Types of neurosis or neurotic disorders
Neuroses manifest themselves in a variety of specific ways:
It is a combination of recurrent obsessive thoughts and compulsive behaviors, which constitute a kind of defense against the patient’s fears, this type of neurosis is revealed by having strict rules and the need to repeat patterns.
For example, wash your hands frequently and order items precisely. The patient feels tremendous anxiety if any scheme of his operation is disturbed. This disorder can manifest itself as the need to constantly think and perform actions in mind (for example, count everything seen on the road).
The drug clomipramine is effective in treating many patients with obsessive-compulsive disorders. Read more about Obsessive-compulsive disorders.
This type of neurosis causes a person who feels ill to constantly look for symptoms of a deadly disease in his body and visit doctors frequently. When it turns out that the physical health of such a person is impeccable, the person affected by this type of hysterical neurosis hardly controls his anger.
The Hypochondria can lead to the onset of chills, paralysis, fainting, or difficulty breathing or seeing; these intense symptoms of neurosis usually reassure the patient, assuring him that he is suffering from a terminal illness. In most cases, the apparent poor health of the affected person is, for her, an excuse to attract the attention of those around her.
If you feel angry and tired, you have to work with a neurasthenic neurosis related to the need to go to work or school. The morning bad mood begins to improve around lunchtime; there are two variations of this type of neurosis: hypersthenic and hypothesis.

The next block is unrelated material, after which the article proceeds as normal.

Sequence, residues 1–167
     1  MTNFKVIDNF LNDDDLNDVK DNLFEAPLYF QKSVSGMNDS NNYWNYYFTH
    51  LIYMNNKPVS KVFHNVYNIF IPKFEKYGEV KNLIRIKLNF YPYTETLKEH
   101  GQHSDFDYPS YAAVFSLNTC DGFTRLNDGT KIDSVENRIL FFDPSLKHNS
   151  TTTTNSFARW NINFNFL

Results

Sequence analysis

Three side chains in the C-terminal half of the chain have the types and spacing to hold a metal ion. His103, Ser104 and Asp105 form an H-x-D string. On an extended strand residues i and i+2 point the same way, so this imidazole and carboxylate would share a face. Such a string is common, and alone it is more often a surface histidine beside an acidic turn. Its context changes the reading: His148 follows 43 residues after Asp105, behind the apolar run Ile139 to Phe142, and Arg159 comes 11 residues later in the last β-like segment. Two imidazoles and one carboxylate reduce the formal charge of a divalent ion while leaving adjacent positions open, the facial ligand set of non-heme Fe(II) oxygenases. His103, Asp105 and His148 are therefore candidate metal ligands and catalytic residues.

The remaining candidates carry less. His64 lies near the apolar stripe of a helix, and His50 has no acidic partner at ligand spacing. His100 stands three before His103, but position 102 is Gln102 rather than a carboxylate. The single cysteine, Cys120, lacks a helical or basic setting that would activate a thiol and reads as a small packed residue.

The morning symptoms can be highly intense in the first case, outbursts of rage, anger, and severe irritability. Hypostatic neurosis manifests as tiredness, weakness, and difficulty concentrating. Neurasthenia usually affects home lovers and introverts.
In the case of anxiety neurosis, the affected person almost always feels irrational and unfounded fear and tension. A person suffering from this type of neurosis has the impression of being in danger. It is usually accompanied by sweating all over the body and shortness of breath; you should know that most phobias have their origin in anxiety neurosis, for example, fear of heights or arachnophobia.
This type of neurosis affects people who have survived dramatic moments such as a severe accident, an assault, a rape. The patient experiences frequent headaches, dizziness, tremors in the hands and feet, and excessive sweating.
Changes in the brain are associated with trauma that is difficult to control due to damage to the nervous system: recurring fears, worsening headaches, and difficulty concentrating.